Former Soviet President Mikhail Gorbachev died on Tuesday “after a serious and long illness,” according to the Central Clinical Hospital.

He was 91 years old at the time. It was not immediately clear what caused the death.

Gorbachev will be buried next to his wife, Raisa, in Moscow’s Novo-Dyevitchiye cemetery, according to Russia’s state-run news agency Tass.

Gorbachev was the Soviet Union’s final leader before it disintegrated. From 1985 to 1991, he was the Communist Party of the Soviet Union’s general secretary and the country’s sole president, a title he assumed in the final months of his presidency.

His rise in the 1980s, when he was young and energetic, signaled a new spring for what was then one of the world’s two superpowers. Gorbachev, a political insider with an eye to the outside world, initiated radical reforms that resulted in a series of unintended consequences.

Gorbachev was born in the southern Russian village of Privolnoye in 1931 to a peasant family who lived in a house with dirt floors. Two of Gorbachev’s grandfathers were arrested and exiled as a result of Josef Stalin’s “Terror.” During World War II, Nazi troops overran their village.

As a teenager, Gorbachev worked on the farm with his father and was awarded the Order of the Red Banner of Labor, one of the USSR’s highest honors, for a record harvest.

Gorbachev rose quickly through the ranks of the Soviet Communist Party after graduating from university in Moscow. Yury Andropov, the powerful head of the KGB, was drawn to his energy and brought him back to Moscow as a protégé.

By that time, the Soviet superpower was in trouble: the centrally planned economy was rotting, and the Soviet Union’s lag behind Western countries was becoming increasingly apparent.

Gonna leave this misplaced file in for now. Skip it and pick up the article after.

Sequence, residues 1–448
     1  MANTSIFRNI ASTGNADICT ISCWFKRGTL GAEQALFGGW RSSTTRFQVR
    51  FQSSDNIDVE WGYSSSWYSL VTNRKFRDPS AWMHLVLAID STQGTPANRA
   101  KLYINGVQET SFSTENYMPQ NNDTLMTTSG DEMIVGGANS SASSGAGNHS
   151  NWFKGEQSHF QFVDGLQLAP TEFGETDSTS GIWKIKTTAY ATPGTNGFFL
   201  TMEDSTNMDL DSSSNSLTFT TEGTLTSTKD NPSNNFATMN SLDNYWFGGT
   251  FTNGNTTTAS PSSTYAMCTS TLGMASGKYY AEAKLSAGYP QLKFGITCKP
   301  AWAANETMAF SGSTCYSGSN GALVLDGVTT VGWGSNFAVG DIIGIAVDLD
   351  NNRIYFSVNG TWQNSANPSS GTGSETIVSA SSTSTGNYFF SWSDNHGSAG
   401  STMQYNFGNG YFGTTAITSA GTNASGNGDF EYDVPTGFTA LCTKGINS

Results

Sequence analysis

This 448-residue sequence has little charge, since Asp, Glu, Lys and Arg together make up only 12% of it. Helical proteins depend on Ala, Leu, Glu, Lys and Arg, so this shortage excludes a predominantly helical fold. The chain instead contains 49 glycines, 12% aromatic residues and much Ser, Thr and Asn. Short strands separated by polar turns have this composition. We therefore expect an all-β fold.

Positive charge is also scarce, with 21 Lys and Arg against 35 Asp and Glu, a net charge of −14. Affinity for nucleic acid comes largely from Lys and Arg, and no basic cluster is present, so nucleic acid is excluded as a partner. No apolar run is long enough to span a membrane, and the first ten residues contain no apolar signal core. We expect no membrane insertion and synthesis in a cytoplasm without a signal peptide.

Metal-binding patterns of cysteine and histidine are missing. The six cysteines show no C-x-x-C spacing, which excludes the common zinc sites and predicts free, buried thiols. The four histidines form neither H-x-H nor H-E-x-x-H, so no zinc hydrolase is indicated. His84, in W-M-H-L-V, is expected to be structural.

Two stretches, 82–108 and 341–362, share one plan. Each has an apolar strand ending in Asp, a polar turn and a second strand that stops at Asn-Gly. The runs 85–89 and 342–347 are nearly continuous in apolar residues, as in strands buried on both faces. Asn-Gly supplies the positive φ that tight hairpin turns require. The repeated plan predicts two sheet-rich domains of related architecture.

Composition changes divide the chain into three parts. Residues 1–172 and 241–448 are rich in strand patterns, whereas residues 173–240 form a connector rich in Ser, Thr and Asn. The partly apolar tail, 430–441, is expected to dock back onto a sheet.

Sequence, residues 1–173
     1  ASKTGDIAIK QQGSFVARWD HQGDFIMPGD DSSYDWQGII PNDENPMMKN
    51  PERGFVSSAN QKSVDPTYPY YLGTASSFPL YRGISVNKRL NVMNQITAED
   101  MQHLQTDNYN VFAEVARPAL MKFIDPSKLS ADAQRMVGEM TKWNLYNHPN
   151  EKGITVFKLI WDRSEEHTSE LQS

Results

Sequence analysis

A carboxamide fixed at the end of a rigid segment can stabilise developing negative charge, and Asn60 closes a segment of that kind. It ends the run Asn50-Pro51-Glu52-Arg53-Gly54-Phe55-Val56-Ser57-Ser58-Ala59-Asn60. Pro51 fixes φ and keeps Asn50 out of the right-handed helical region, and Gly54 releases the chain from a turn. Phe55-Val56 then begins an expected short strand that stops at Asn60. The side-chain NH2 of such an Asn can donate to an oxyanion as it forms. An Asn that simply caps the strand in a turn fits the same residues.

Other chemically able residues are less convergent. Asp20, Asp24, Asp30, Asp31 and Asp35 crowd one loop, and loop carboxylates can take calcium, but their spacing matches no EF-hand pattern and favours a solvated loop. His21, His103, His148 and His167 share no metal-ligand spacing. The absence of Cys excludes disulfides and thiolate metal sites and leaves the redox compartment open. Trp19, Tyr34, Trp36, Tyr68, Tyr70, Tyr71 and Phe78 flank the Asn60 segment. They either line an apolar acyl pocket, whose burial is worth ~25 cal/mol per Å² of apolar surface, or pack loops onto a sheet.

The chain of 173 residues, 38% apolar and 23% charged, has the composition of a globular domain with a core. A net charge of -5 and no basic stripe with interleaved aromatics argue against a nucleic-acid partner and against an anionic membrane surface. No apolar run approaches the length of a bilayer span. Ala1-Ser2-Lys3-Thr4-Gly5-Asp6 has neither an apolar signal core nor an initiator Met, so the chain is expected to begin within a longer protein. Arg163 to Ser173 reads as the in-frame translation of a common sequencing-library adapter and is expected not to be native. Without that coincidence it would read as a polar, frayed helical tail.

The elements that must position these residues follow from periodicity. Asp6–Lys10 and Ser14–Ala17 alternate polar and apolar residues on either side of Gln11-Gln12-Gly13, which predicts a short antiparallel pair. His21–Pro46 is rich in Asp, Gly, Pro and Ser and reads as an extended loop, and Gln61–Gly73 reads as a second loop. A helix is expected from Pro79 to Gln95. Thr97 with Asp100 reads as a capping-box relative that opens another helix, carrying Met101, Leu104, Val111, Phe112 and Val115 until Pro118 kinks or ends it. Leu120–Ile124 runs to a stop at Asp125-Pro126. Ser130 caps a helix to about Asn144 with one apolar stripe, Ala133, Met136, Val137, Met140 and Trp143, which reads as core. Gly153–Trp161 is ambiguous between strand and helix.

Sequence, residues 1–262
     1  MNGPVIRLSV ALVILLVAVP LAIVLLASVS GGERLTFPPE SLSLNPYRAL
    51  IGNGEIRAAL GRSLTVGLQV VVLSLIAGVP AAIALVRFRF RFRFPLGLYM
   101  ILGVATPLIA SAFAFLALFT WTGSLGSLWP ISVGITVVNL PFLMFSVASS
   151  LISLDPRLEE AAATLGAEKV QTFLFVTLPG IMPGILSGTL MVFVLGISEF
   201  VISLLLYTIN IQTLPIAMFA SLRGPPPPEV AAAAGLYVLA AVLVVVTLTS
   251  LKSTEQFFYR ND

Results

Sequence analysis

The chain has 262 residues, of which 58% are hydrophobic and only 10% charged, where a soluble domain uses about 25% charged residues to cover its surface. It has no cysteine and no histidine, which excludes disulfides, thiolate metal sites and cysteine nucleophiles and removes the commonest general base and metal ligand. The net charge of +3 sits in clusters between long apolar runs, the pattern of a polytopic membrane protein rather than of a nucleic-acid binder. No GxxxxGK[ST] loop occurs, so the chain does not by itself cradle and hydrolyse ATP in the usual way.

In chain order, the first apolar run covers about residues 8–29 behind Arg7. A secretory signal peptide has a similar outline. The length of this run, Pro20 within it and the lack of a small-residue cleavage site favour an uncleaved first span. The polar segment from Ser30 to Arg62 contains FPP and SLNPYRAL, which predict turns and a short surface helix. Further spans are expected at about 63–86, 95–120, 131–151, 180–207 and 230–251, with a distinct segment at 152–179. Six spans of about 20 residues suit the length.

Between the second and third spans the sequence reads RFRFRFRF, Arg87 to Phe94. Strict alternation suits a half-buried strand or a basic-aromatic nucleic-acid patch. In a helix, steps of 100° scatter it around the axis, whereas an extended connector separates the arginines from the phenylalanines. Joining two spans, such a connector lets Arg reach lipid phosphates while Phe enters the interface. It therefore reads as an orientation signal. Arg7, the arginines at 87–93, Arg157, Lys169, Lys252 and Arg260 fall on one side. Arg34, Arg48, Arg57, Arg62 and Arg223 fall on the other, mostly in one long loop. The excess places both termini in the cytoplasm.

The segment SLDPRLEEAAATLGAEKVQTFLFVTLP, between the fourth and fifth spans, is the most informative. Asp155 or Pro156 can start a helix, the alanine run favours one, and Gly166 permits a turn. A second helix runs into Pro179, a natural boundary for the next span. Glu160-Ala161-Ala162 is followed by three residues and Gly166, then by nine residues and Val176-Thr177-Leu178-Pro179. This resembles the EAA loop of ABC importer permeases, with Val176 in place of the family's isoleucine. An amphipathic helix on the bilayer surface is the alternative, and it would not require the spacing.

The Soviet Union’s gerontic leadership exemplified the country’s decay. Gorbachev was appointed to the Politburo at the age of 47, making him nearly two decades younger than his colleagues.

Konstantin Chernenko died in office in 1985, the third elderly leader to die in office in as many years, and Gorbachev became general secretary, ignoring a succession challenge.

He shattered the Iron Curtain between the Soviet Union and the West by establishing relations with the United States, agreeing to a series of crucial summits soon after taking power.

Gorbachev signed treaties to reduce the size of his country’s nuclear arsenal, and he withdrew troops from a nine-year war in Afghanistan, a well-received policy reversal.

Gorbachev signed the Intermediate-Range Nuclear Forces Treaty with Reagan in 1988, eliminating both countries’ stocks of intermediate and short-range land-based missiles capable of carrying nuclear warheads. It was the first treaty to outlaw an entire class of weapons systems and established unprecedented protocols for both nations’ observers to verify the destruction of their missiles.

Gorbachev emphasized the invention of nuclear weapons as a “material symbol and expression of absolute military power,” as well as the fact that mankind’s survival and self-preservation were on the line.

Domestically, Gorbachev was known for two things: greater transparency and freedom, known as glasnost, and bold economic reform, known as perestroika.

It was not a winning combination in the end.

Glasnost gave the Soviet people a sense of liberation and empowerment, and when his economic policies failed, they were not afraid to express their disappointment.

Gorbachev’s vision was to give communism legitimacy by giving it a democratic face. What he didn’t seem to realize was that his people would begin to demand the genuine article.

President Joe Biden issued a statement that said, in part, “Mikhail Gorbachev was a man of remarkable vision. When he came to power, the Cold War had gone on for nearly 40 years and communism for even longer, with devastating consequences. Few high-level Soviet officials had the courage to admit that things needed to change. As a member of the Senate Foreign Relations Committee, I saw him do that and more.”